5 Analytics Mistakes Game Developers Make

Throughout CoolaData’s work implementing behavioral analytics with gaming companies, we’ve seen some mistakes that repeat more often than others. This post shares some of what we’ve learned. We hope it will help you gain better, faster insights about your own games. Keep these in mind and avoid them!

Mapping Event Tracking at a Late Development Stage 

Competition is tough, deadlines are short and developers need to get their game out to market fast. A common practice we encounter is designing a game’s features without thinking of event tracking, handling analytics at a late stage of development. This approach may get the game out faster, but in the long run it’s a mistake.

Here is an example: CoolaData worked with a developer who wanted to figure out why certain in-game store items were more popular than others. There was no evident reason until we noticed that the items came in two distinct color ranges. This was not a game item attribute, so it was never properly tracked. Once this attribute was added to the code and to related event tracking, the developer could filter purchases by item color and the suspected correlation was indeed validated.

Adding a new attribute post-launch was a painful process, delaying the ability to gain insights. As a mobile app, it took our developer a couple of weeks before the game’s new version got approved by appstores and updated by most active players. It would have made more sense to map this out while the in-game store was being designed. Define the business questions you want to have answered as early as possible to ensure event tracking is part of your game design!

Relying on Vanity Metrics

“We focus on tracking player retention and conversion – these are our top priorities.” Well… not quite. Industry standard metrics are popular and easy to track. They enable a comparison with competition and to some extent, even indicate the status of your business. The key problem: they focus on numbers instead of behavior.

CoolaData has been working with game developers to dive deeper than vanity metrics and expose the WHO, HOW and WHY behind games: conversion is going up – for whom? Are these your low-value or high-value players? Why is this happening?

Successful data-driven game developers use emerging techniques like path analysis to understand what really drives conversion. They use cohort analysis and segmentation to gain insights on the people behind retention numbers. Power cohorts can lead to an understanding of whether retention is driven by a specific device type, game version, acquisition source, or other factors.

Use actionable metrics! A good way to test whether a metric is actionable is to ask: “what would I do if I lost this metric?” If you cannot answer this question, then most likely your metric is not actionable.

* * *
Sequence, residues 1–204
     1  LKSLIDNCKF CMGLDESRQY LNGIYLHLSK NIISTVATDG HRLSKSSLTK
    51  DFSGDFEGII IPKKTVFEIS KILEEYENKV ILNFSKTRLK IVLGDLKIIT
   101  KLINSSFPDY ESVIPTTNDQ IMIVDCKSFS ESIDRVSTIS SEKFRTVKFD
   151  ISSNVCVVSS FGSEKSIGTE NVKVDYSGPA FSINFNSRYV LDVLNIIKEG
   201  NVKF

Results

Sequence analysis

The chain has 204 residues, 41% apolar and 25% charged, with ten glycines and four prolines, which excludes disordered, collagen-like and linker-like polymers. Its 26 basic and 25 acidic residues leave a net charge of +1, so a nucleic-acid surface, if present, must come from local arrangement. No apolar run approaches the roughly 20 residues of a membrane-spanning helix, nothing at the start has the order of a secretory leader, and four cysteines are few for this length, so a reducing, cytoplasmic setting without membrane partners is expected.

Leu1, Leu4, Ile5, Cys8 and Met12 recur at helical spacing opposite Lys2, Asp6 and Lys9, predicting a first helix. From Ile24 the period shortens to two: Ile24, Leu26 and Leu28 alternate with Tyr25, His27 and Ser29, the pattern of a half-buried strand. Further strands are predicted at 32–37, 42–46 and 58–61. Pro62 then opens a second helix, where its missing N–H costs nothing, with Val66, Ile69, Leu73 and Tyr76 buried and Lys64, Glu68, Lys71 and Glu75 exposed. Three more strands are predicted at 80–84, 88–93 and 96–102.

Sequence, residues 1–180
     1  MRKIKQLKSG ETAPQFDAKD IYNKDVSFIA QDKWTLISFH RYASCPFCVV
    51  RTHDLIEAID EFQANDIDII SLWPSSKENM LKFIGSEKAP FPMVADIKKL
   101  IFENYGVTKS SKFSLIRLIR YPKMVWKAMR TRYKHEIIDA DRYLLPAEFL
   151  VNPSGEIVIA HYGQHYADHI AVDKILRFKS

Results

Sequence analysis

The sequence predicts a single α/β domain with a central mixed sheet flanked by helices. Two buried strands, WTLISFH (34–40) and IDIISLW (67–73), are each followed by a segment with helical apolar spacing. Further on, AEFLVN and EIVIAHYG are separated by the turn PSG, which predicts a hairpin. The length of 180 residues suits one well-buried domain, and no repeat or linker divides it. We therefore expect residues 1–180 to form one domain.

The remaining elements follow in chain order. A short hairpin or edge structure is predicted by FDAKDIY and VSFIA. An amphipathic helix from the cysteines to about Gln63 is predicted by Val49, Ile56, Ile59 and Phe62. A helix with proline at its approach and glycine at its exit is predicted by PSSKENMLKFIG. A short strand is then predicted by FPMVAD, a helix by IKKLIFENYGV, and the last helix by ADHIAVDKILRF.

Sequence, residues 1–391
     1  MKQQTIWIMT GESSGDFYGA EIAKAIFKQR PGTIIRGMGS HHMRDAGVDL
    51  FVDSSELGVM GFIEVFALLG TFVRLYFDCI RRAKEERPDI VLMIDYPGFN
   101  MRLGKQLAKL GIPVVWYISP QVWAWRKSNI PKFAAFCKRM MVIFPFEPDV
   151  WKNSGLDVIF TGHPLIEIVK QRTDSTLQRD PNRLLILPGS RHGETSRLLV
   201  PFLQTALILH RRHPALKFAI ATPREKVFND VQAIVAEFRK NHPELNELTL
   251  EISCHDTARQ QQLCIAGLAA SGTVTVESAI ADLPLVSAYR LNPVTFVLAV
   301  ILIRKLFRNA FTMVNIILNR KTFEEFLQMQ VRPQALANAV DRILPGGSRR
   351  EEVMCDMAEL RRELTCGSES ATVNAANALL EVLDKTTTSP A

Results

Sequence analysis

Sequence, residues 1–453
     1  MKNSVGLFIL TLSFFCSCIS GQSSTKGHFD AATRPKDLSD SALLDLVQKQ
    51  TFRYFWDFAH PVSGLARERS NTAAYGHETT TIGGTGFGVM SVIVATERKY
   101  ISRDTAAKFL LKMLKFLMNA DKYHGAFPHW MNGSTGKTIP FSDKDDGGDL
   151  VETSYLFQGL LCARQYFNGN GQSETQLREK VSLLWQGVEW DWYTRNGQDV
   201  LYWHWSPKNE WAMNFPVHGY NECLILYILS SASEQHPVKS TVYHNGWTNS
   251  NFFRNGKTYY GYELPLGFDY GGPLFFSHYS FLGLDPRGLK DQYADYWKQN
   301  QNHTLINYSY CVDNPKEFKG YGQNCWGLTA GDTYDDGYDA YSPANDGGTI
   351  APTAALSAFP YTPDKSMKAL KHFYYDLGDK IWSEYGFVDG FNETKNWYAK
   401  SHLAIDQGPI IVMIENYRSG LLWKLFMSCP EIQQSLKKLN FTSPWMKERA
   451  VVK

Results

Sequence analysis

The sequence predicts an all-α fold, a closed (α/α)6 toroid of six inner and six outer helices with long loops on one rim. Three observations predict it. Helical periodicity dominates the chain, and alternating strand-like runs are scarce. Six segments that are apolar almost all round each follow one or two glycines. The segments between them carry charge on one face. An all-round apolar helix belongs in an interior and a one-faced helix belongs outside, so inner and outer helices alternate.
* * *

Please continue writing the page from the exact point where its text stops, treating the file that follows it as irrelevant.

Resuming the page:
Relying on Generic KPIs

Generic KPIs frequently emerge as vanity metrics. MAU, conversion and day-2 retention numbers are popular and serve as interesting snapshots of what is happening, but they’re highly prone to misinterpretation. A figure can be great for one game and bad for another. Aim to use game-specific metrics that are unique to your needs. True, this means more work and customization, but it will reveal WHY things are happening and will more accurately reflect your game’s potential success.

Think Before You track

We often meet analysts who are eager to track every player action, hoping that an unexpected gem will expose relevant insights. Our experience shows that this leads to drowning in data and to an overall loss of focus. Effective analytics means choosing a handful of high-priority events so you can focus on relevant metrics.

Priorities change across a game’s lifecycle. As you learn more about your players’ behavior, your business goals will change and you will find yourself asking very specific questions. For example: as your game matures, you will likely transition from optimizing game mechanics to tweaking retention campaigns. Define your business goals clearly at each stage of your lifecycle and make sure you do not focus on more than a few metrics each time.

Designing a Feature to Support a Single Metric

You have identified an engagement problem: session duration is decreasing and it’s probably because the game is too easy. You decide to tweak game difficulty in order to drive engagement. Session duration indeed goes up but revenues start to decline. What happened…?

Obviously your change successfully drove engagement, but negatively impacted some other metric. Players might have been frustrated by the increase in difficulty and stopped playing, or are not converting as well as they used to. The problem is – you don’t know because you did not prepare to measure secondary effects in advance.

We’re used to associating a feature with a KPI. We implement retention features, engagement features or monetization features, ignoring their side-effects. The effects can be positive or negative. The important thing is to prepare in advance for measuring secondary effects so that you know what is going on. Otherwise you may end up left in the dark.

To conclude, we hope these tips have been helpful and will allow you to make more effective use of your data. We’d love to hear your thoughts on this so please comment below or drop us a note!

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